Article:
Gabriele and Phillips believe that the first step toward increasing recycling is providing residents with clear information about what can and can’t be recycled, as well as other pertinent information. The new recycling campaign will do just that. The cost of outreach and education is being paid through a grant that the town received from its waste disposal contractor, Covanta Energy Corporation. 

As the new "recycling promoter" for the town, I know that there is so much misinformation among West Hartford residents about what can and can’t be recycled. I thought I personally was a really good recycler, but every time I meet with someone at Public Works and ask a question I realize that I have been throwing way too much into the trash. 

I'm excited about this project because not only is recycling important for the environment, but it makes financial sense, too. But we need to do it correctly. My goal is to provide clear information and communicate with residents on a regular basis so that they are repeatedly reminded and motivated.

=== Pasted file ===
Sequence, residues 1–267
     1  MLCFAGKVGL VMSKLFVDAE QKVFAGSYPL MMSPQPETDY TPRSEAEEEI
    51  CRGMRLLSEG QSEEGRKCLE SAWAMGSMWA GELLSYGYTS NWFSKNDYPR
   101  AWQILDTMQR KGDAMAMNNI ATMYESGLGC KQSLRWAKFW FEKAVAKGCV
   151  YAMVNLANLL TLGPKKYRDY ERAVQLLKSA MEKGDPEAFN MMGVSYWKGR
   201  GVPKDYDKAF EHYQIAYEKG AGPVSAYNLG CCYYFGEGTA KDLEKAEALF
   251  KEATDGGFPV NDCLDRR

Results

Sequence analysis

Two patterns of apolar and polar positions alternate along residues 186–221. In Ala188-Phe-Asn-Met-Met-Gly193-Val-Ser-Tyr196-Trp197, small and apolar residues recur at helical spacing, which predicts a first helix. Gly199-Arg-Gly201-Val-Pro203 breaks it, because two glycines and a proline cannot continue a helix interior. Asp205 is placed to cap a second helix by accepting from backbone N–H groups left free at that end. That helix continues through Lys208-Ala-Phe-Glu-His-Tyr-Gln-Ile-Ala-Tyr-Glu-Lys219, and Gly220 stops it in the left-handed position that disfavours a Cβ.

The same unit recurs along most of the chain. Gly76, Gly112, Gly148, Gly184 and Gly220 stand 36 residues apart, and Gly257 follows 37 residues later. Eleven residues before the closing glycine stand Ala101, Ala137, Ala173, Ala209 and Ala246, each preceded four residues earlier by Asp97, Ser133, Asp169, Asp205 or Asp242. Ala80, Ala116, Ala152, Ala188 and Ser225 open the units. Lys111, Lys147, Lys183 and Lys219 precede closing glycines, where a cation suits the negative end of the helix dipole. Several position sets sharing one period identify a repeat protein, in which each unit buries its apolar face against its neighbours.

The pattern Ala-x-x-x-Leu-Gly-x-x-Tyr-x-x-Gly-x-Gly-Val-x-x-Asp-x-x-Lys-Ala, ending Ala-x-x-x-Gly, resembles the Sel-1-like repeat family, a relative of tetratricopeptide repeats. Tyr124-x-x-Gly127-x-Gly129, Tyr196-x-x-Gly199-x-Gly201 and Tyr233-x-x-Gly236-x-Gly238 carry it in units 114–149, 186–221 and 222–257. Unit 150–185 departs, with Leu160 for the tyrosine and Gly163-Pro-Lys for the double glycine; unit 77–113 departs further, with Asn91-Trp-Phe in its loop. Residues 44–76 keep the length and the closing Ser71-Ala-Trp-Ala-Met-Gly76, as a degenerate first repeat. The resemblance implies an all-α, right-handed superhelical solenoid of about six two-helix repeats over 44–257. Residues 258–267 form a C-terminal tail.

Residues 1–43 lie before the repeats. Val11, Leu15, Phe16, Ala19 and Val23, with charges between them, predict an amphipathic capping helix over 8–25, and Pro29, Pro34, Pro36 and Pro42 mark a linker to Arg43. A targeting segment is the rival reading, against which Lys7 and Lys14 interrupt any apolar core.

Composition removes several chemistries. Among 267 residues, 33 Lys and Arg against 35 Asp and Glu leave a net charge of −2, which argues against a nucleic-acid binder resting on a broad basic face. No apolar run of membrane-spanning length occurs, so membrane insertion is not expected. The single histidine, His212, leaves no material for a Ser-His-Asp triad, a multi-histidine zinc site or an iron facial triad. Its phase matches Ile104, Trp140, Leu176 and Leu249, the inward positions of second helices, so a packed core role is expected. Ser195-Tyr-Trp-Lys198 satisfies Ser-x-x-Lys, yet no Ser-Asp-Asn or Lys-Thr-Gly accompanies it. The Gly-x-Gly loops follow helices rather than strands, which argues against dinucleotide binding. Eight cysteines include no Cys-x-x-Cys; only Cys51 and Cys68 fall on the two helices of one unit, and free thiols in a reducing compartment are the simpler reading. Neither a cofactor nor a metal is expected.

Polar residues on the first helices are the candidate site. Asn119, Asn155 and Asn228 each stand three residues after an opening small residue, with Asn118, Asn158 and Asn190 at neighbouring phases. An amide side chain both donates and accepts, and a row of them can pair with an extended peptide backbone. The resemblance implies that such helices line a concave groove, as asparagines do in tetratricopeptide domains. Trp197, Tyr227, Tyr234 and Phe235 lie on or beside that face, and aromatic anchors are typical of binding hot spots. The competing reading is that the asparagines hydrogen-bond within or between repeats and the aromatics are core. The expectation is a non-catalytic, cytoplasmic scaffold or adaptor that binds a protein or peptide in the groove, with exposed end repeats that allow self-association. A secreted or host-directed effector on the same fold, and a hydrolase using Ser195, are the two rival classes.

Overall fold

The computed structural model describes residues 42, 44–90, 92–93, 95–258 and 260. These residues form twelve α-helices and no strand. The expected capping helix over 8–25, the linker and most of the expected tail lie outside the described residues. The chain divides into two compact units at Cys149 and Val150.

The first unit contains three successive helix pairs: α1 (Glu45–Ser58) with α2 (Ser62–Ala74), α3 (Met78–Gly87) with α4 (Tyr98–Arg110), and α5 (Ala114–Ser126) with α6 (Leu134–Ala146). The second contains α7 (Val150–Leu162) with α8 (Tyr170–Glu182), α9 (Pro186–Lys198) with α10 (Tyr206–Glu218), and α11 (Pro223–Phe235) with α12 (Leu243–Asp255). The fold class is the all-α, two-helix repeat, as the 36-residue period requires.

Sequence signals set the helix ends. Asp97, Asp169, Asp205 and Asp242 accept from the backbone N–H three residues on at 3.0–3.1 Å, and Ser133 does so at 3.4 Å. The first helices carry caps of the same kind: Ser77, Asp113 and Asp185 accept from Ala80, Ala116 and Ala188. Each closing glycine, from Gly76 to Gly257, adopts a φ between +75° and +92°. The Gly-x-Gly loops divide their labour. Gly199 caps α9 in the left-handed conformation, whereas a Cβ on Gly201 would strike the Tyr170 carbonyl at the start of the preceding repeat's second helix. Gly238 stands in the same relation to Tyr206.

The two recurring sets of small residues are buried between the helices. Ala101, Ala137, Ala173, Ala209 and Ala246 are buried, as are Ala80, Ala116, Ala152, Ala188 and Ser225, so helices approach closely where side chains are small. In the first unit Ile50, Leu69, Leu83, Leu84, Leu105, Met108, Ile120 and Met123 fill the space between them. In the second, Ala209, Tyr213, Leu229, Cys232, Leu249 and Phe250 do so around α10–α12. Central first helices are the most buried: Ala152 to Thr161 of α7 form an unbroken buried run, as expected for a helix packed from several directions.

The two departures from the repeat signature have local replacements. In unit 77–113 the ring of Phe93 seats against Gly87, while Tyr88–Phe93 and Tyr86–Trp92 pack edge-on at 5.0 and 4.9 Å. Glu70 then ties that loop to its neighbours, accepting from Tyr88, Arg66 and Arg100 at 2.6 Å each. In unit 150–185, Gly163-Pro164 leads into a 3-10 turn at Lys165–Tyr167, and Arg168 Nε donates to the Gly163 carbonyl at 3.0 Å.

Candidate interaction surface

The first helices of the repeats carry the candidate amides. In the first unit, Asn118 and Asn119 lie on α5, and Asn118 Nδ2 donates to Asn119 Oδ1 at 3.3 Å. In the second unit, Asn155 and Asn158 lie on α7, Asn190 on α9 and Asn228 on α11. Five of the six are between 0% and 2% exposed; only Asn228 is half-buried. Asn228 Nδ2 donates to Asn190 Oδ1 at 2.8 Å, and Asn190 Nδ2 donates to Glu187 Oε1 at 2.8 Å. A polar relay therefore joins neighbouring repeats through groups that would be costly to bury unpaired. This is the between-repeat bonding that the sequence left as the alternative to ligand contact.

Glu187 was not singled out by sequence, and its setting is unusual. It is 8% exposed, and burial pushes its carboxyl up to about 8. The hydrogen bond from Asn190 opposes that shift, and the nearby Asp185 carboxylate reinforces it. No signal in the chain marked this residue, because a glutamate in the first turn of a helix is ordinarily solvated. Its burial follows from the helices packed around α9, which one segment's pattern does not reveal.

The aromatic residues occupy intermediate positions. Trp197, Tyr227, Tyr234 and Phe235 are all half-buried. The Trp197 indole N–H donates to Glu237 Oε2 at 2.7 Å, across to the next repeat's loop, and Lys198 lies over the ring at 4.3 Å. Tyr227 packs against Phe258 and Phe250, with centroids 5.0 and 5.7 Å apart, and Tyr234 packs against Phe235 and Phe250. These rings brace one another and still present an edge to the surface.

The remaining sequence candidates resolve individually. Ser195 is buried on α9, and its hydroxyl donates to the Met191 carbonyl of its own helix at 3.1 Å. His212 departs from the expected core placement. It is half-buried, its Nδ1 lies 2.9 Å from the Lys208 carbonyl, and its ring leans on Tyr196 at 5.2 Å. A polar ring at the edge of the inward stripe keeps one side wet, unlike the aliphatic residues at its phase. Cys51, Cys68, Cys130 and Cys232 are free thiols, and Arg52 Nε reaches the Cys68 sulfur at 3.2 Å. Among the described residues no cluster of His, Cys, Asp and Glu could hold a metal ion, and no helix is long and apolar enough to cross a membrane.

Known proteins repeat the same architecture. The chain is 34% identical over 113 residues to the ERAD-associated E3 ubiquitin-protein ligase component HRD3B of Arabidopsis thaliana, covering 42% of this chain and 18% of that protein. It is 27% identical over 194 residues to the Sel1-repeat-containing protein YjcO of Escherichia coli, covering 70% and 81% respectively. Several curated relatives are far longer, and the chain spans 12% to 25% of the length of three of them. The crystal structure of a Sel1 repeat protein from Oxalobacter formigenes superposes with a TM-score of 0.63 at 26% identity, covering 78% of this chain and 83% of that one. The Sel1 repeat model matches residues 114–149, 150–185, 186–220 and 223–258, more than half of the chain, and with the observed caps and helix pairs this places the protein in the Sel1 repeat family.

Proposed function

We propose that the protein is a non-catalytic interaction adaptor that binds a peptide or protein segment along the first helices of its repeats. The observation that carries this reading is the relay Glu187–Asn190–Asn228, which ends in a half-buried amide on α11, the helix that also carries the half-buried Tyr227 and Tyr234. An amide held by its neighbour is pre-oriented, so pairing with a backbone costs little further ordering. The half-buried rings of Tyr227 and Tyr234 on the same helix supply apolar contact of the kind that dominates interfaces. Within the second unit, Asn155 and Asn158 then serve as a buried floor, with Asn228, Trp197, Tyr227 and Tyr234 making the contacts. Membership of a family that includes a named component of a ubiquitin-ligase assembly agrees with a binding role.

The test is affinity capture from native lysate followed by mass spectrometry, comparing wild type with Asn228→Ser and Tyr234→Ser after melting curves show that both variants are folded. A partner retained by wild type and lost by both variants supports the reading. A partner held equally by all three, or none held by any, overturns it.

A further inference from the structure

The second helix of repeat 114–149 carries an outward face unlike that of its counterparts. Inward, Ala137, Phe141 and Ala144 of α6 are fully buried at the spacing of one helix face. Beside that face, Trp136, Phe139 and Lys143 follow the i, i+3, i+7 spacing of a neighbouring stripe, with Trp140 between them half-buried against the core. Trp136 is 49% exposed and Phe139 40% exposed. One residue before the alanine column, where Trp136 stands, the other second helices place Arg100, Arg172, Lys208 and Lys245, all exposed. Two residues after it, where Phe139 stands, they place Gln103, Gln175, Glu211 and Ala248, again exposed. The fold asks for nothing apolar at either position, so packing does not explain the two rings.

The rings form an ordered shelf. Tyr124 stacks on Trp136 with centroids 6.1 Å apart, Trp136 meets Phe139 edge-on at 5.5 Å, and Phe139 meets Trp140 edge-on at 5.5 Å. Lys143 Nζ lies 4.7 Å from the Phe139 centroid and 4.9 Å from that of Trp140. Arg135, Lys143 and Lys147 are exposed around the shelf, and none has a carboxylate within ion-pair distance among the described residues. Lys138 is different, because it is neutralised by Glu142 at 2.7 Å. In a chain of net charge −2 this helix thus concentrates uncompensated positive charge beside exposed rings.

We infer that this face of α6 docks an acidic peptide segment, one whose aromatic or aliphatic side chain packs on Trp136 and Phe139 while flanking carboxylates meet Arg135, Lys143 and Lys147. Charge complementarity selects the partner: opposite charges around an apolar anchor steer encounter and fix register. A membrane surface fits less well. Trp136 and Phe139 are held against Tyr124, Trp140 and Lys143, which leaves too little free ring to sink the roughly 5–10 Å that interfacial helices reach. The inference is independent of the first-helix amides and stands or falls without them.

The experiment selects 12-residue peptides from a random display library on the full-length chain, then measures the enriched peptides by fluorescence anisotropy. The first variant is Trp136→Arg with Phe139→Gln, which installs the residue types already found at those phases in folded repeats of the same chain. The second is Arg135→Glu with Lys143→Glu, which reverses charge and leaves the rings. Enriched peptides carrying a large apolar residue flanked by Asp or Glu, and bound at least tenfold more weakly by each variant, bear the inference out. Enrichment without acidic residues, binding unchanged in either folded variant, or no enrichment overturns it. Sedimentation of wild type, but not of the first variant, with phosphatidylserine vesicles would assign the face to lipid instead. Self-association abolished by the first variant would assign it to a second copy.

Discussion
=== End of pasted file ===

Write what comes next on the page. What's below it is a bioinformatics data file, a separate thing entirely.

Town Council member Leon Davidoff, who is chairman of the Community Planning & Physical Services Committee, believes it’s really important for the town to increase its recycling rates and become a leader among towns in the region. “Here’s a way that the taxpayers can raise more income for themselves. It’s a win-win,” he said.

“I think we’ll succeed because West Hartford as a community is forward-thinking, progressive, and environmentally-conscious,” said Davidoff. “We just need to put a few more things in place to make it easier for people.”

This post is contributed by a community member. The views expressed in this blog are those of the author and do not necessarily reflect those of Patch Media Corporation. Everyone is welcome to submit a post to Patch. If you'd like to post a blog, go here to get started.

Patty Swanson February 05, 2014 at 10:53 AM
post some photos periodically of things that people would think are questionable but that are recyclable...a picture speaks a thousand words!
Patti Sheehan Albee February 05, 2014 at 11:04 AM